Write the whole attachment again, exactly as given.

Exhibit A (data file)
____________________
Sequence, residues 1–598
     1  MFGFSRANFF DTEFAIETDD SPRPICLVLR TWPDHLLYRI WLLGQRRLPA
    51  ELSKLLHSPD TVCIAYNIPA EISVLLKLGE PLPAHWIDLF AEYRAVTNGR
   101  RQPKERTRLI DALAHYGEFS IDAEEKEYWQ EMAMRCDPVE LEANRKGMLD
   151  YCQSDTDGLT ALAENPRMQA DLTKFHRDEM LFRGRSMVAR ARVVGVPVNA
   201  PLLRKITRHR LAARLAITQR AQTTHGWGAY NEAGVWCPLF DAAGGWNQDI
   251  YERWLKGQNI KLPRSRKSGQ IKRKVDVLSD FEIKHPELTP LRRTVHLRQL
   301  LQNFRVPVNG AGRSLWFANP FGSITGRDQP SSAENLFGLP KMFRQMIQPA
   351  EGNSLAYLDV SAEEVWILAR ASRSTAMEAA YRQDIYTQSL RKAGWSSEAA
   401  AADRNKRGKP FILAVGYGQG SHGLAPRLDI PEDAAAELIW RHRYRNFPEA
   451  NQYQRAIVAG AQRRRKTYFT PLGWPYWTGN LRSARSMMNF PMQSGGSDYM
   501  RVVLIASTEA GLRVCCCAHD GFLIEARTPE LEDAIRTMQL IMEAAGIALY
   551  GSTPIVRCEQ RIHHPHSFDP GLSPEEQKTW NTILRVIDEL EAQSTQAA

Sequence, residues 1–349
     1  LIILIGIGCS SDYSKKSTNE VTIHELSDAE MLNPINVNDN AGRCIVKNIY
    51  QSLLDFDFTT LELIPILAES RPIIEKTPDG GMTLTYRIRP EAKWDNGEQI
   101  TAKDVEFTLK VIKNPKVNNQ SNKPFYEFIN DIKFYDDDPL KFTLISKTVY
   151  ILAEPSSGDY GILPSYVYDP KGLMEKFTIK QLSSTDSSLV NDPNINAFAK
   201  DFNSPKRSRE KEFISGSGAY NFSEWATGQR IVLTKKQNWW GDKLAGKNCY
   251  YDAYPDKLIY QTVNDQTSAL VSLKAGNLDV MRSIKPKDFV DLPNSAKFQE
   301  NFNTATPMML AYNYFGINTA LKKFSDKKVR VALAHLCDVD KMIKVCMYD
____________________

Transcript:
Sequence, residues 1–598
     1  MFGFSRANFF DTEFAIETDD SPRPICLVLR TWPDHLLYRI WLLGQRRLPA
    51  ELSKLLHSPD TVCIAYNIPA EISVLLKLGE PLPAHWIDLF AEYRAVTNGR
   101  RQPKERTRLI DALAHYGEFS IDAEEKEYWQ EMAMRCDPVE LEANRKGMLD
   151  YCQSDTDGLT ALAENPRMQA DLTKFHRDEM LFRGRSMVAR ARVVGVPVNA
   201  PLLRKITRHR LAARLAITQR AQTTHGWGAY NEAGVWCPLF DAAGGWNQDI
   251  YERWLKGQNI KLPRSRKSGQ IKRKVDVLSD FEIKHPELTP LRRTVHLRQL
   301  LQNFRVPVNG AGRSLWFANP FGSITGRDQP SSAENLFGLP KMFRQMIQPA
   351  EGNSLAYLDV SAEEVWILAR ASRSTAMEAA YRQDIYTQSL RKAGWSSEAA
   401  AADRNKRGKP FILAVGYGQG SHGLAPRLDI PEDAAAELIW RHRYRNFPEA
   451  NQYQRAIVAG AQRRRKTYFT PLGWPYWTGN LRSARSMMNF PMQSGGSDYM
   501  RVVLIASTEA GLRVCCCAHD GFLIEARTPE LEDAIRTMQL IMEAAGIALY
   551  GSTPIVRCEQ RIHHPHSFDP GLSPEEQKTW NTILRVIDEL EAQSTQAA

Sequence, residues 1–349
     1  LIILIGIGCS SDYSKKSTNE VTIHELSDAE MLNPINVNDN AGRCIVKNIY
    51  QSLLDFDFTT LELIPILAES RPIIEKTPDG GMTLTYRIRP EAKWDNGEQI
   101  TAKDVEFTLK VIKNPKVNNQ SNKPFYEFIN DIKFYDDDPL KFTLISKTVY
   151  ILAEPSSGDY GILPSYVYDP KGLMEKFTIK QLSSTDSSLV NDPNINAFAK
   201  DFNSPKRSRE KEFISGSGAY NFSEWATGQR IVLTKKQNWW GDKLAGKNCY
   251  YDAYPDKLIY QTVNDQTSAL VSLKAGNLDV MRSIKPKDFV DLPNSAKFQE
   301  NFNTATPMML AYNYFGINTA LKKFSDKKVR VALAHLCDVD KMIKVCMYD